• Whether black coals are likely to liquefy under shipping conditions;
  • Possibilities of developing an improved transportable moisture limit (TML) testing protocol for use with coal of up to 50mm that is found to be susceptible to liquefaction during shipping.

The document also provided information on the outcome of the research leading to the development of the Modified Proctor/Fagerberg Method for Coal, which is suitable for coal up to 50mm in size. Australia proposed including the new test in Appendix 2 of the IMSBC Code in order to determine the TML for coal.

Alternative fuels

There was a lot of discussion on alternative fuels such as methyl/ethyl alcohol, and the requirement for fuel cells on board. Some of these fuels have low flashpoints, and several delegations expressed concerns that the ambient temperature in engine rooms is higher than the flashpoint of the fuels being discussed. The delegation from Intercargo pointed out that discussions of the ambient temperature were somewhat misleading, as it was the surface temperature of anywhere that the fuel might land that was important.

This subject was reallv too large to report fully and the discussions were very long. If anyone would like more information, please do not hesitate to contact me,, and this of course covers any other subject from this sub-committee.

Transport of bauxite

The Bahamas delegation advocated precautionary amendments to the individual schedule for bauxite to improve the safety of seafarers and shipping, following the loss of 18 seafarers’ lives during the rapid sinking in open water of the Bulk Jupiter carrying 46,400 tonnes of bauxite. A marine safety investigation has provided evidence suggesting that cargo liquefaction led to loss of stability in the ship. It was proposed to reclassify bauxite as a Group A cargo, or alternatively that:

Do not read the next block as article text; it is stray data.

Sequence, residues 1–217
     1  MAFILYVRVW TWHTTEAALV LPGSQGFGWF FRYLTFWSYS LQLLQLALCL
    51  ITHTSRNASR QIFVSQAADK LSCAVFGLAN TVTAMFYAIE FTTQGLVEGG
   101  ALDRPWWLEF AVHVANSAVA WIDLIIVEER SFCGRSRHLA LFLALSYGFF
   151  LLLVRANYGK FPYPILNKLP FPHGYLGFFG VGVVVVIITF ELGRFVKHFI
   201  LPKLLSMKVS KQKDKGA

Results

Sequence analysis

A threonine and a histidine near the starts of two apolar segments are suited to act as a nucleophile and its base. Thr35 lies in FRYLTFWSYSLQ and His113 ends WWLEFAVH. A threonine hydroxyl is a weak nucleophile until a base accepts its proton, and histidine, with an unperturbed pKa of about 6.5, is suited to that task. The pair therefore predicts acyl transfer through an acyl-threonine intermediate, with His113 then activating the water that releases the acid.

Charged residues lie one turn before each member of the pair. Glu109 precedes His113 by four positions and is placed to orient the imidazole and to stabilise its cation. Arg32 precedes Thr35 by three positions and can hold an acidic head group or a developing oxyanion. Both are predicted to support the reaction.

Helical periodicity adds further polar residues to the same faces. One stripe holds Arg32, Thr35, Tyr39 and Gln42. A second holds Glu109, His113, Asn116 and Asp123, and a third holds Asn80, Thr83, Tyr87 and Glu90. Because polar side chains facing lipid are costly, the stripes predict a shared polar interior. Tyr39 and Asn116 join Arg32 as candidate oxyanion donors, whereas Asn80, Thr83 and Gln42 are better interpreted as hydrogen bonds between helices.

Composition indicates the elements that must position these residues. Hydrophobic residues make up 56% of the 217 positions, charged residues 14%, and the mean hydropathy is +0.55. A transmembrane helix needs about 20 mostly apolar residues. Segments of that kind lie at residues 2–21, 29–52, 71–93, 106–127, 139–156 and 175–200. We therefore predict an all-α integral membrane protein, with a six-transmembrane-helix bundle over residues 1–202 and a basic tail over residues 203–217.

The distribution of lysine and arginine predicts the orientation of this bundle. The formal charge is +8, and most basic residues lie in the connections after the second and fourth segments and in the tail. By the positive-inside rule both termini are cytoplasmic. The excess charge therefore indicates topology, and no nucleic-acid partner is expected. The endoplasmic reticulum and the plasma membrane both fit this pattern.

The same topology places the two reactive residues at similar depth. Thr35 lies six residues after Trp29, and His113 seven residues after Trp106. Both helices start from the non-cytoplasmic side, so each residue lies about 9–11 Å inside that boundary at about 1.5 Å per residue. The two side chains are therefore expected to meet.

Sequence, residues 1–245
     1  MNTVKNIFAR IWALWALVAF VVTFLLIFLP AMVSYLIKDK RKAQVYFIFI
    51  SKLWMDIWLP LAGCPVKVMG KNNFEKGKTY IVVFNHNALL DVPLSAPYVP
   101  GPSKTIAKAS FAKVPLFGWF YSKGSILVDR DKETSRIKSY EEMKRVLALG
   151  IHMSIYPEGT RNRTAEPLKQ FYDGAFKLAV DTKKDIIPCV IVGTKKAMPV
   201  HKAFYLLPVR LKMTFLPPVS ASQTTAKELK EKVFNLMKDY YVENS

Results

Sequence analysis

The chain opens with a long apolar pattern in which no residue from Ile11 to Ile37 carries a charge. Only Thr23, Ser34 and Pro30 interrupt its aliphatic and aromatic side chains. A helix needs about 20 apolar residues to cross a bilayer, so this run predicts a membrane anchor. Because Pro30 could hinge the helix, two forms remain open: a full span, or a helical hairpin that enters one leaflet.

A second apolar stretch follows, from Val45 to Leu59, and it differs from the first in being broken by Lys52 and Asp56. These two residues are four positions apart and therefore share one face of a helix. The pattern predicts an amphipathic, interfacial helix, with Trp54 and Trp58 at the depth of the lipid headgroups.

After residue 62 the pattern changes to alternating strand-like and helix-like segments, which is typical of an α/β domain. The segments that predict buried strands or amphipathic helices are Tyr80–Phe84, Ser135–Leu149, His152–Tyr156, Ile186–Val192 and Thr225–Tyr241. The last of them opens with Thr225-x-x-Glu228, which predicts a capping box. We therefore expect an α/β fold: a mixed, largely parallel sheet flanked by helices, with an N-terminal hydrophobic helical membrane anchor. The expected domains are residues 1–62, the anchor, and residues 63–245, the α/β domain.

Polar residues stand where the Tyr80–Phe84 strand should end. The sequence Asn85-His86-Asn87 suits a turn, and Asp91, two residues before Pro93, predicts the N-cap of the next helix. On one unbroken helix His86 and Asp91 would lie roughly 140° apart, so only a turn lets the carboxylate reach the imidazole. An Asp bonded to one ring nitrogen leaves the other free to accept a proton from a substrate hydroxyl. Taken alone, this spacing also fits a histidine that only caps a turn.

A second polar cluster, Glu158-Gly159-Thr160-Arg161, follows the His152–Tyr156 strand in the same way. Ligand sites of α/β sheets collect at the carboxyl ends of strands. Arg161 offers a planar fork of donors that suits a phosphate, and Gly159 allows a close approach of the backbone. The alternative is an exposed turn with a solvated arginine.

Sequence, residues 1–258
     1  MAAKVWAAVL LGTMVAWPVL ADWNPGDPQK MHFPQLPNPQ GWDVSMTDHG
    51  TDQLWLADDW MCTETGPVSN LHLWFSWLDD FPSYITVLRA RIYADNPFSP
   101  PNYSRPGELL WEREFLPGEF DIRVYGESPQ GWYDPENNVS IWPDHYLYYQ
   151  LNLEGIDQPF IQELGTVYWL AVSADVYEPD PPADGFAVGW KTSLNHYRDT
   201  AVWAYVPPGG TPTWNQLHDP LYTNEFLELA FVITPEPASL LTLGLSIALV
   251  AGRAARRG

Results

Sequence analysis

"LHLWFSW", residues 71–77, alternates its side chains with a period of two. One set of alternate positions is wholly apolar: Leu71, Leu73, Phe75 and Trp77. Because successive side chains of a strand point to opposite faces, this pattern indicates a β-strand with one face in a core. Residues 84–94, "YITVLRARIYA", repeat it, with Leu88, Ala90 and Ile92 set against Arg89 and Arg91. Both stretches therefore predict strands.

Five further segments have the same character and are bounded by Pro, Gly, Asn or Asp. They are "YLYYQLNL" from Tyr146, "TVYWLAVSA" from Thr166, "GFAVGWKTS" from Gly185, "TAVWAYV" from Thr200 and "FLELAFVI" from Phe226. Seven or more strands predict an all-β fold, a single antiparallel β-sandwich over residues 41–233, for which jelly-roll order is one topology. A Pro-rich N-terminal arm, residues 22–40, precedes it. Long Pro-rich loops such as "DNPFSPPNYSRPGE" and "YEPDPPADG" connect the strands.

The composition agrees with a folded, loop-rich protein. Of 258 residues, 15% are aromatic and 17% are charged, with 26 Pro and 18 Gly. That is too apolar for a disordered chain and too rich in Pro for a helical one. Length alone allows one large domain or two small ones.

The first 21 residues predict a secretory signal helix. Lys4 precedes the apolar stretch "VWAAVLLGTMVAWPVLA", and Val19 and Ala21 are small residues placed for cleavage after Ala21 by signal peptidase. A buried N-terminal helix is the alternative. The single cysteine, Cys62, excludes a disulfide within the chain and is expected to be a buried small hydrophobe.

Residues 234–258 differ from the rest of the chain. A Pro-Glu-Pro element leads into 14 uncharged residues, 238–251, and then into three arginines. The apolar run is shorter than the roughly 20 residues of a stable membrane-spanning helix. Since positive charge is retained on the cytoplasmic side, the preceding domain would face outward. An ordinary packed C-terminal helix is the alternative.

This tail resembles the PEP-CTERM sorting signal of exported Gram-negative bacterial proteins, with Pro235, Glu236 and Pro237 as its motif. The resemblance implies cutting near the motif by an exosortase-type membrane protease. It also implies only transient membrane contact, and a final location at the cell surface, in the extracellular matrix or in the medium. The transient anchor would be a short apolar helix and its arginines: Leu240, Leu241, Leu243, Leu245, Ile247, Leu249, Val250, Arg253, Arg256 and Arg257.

• Bauxite should be treated as a cargo for which the Master should automatically be provided with the test certificates under Section 4.3.1 of the Code;
  • Where such test certificates are not supplied, are deficient in any respect or present any other cause for concern, bauxite should be treated as a Group A cargo;
  • Test certificates issued for bauxite should clearly set out the actual proportions of lumps and powder in the cargo to be loaded, as determined through testing, or;
  • Additional weather precautions should be specified, eg as for borax (pentahydrate crude).

Australia, Brazil, China, Malaysia, Marshall Islands and BIMCO proposed issuing a circular warning of the potential risk of liquefaction associated with the transport of bauxite in bulk and stating that related research is being carried out. It was considered prudent to advise shippers, terminal operators, shipowners, ship operators, charterers, shipmasters and all other entities concerned with the shipment of bauxite of the need to exercise care and take appropriate action.

Again the above is just a taste of all the discussions and deliberations from CCC 02. Please do not hesitate to contact me at should you wish any further information.


Capitan John Dickinson

FNI, Head of Delegation


Seaways. — 2015. — January. — P. 16.